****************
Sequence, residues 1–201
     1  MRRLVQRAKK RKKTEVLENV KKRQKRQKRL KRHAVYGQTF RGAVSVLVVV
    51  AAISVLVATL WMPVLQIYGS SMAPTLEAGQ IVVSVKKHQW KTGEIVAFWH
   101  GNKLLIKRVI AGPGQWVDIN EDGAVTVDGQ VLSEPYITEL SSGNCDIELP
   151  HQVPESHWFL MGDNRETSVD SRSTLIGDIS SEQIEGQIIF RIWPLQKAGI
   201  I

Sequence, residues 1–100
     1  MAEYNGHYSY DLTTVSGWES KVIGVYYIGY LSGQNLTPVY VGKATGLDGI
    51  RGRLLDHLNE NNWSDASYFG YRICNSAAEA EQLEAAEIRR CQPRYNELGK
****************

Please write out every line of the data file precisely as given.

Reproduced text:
Sequence, residues 1–201
     1  MRRLVQRAKK RKKTEVLENV KKRQKRQKRL KRHAVYGQTF RGAVSVLVVV
    51  AAISVLVATL WMPVLQIYGS SMAPTLEAGQ IVVSVKKHQW KTGEIVAFWH
   101  GNKLLIKRVI AGPGQWVDIN EDGAVTVDGQ VLSEPYITEL SSGNCDIELP
   151  HQVPESHWFL MGDNRETSVD SRSTLIGDIS SEQIEGQIIF RIWPLQKAGI
   201  I

Sequence, residues 1–100
     1  MAEYNGHYSY DLTTVSGWES KVIGVYYIGY LSGQNLTPVY VGKATGLDGI
    51  RGRLLDHLNE NNWSDASYFG YRICNSAAEA EQLEAAEIRR CQPRYNELGK